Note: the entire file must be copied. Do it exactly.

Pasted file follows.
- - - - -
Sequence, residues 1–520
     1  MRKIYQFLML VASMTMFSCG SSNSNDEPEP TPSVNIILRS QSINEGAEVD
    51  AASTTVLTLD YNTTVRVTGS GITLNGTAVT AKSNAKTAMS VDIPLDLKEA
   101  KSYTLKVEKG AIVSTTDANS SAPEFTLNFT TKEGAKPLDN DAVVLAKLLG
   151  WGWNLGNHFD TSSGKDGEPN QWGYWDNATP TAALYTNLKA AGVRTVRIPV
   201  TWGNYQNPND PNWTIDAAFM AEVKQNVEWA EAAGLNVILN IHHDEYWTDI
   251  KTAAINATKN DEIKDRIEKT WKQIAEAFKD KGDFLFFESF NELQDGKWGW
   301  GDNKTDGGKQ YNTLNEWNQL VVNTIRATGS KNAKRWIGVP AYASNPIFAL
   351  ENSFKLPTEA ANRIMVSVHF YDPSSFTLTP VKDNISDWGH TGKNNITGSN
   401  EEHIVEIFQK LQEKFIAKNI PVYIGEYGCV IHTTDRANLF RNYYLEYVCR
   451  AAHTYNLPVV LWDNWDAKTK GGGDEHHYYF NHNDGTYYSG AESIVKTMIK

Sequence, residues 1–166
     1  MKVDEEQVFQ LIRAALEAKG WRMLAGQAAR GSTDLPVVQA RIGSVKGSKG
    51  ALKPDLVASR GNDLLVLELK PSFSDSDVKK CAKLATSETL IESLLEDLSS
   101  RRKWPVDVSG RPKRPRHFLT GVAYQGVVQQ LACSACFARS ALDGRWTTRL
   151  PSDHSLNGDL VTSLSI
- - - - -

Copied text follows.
Sequence, residues 1–520
     1  MRKIYQFLML VASMTMFSCG SSNSNDEPEP TPSVNIILRS QSINEGAEVD
    51  AASTTVLTLD YNTTVRVTGS GITLNGTAVT AKSNAKTAMS VDIPLDLKEA
   101  KSYTLKVEKG AIVSTTDANS SAPEFTLNFT TKEGAKPLDN DAVVLAKLLG
   151  WGWNLGNHFD TSSGKDGEPN QWGYWDNATP TAALYTNLKA AGVRTVRIPV
   201  TWGNYQNPND PNWTIDAAFM AEVKQNVEWA EAAGLNVILN IHHDEYWTDI
   251  KTAAINATKN DEIKDRIEKT WKQIAEAFKD KGDFLFFESF NELQDGKWGW
   301  GDNKTDGGKQ YNTLNEWNQL VVNTIRATGS KNAKRWIGVP AYASNPIFAL
   351  ENSFKLPTEA ANRIMVSVHF YDPSSFTLTP VKDNISDWGH TGKNNITGSN
   401  EEHIVEIFQK LQEKFIAKNI PVYIGEYGCV IHTTDRANLF RNYYLEYVCR
   451  AAHTYNLPVV LWDNWDAKTK GGGDEHHYYF NHNDGTYYSG AESIVKTMIK

Sequence, residues 1–166
     1  MKVDEEQVFQ LIRAALEAKG WRMLAGQAAR GSTDLPVVQA RIGSVKGSKG
    51  ALKPDLVASR GNDLLVLELK PSFSDSDVKK CAKLATSETL IESLLEDLSS
   101  RRKWPVDVSG RPKRPRHFLT GVAYQGVVQQ LACSACFARS ALDGRWTTRL
   151  PSDHSLNGDL VTSLSI